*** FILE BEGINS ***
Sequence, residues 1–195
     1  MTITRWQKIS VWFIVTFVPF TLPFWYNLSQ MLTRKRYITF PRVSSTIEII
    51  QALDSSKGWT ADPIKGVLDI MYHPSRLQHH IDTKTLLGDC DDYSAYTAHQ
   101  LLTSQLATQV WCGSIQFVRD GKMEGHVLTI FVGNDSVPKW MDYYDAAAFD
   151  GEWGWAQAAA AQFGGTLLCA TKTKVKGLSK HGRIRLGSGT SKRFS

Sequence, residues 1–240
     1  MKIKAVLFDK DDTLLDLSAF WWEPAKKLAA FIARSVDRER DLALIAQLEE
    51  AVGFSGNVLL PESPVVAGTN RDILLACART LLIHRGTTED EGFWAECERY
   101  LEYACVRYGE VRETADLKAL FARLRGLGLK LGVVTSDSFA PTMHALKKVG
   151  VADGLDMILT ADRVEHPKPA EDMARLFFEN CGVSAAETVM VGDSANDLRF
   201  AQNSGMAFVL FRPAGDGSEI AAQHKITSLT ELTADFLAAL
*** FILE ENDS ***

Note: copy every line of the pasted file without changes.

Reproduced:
Sequence, residues 1–195
     1  MTITRWQKIS VWFIVTFVPF TLPFWYNLSQ MLTRKRYITF PRVSSTIEII
    51  QALDSSKGWT ADPIKGVLDI MYHPSRLQHH IDTKTLLGDC DDYSAYTAHQ
   101  LLTSQLATQV WCGSIQFVRD GKMEGHVLTI FVGNDSVPKW MDYYDAAAFD
   151  GEWGWAQAAA AQFGGTLLCA TKTKVKGLSK HGRIRLGSGT SKRFS

Sequence, residues 1–240
     1  MKIKAVLFDK DDTLLDLSAF WWEPAKKLAA FIARSVDRER DLALIAQLEE
    51  AVGFSGNVLL PESPVVAGTN RDILLACART LLIHRGTTED EGFWAECERY
   101  LEYACVRYGE VRETADLKAL FARLRGLGLK LGVVTSDSFA PTMHALKKVG
   151  VADGLDMILT ADRVEHPKPA EDMARLFFEN CGVSAAETVM VGDSANDLRF
   201  AQNSGMAFVL FRPAGDGSEI AAQHKITSLT ELTADFLAAL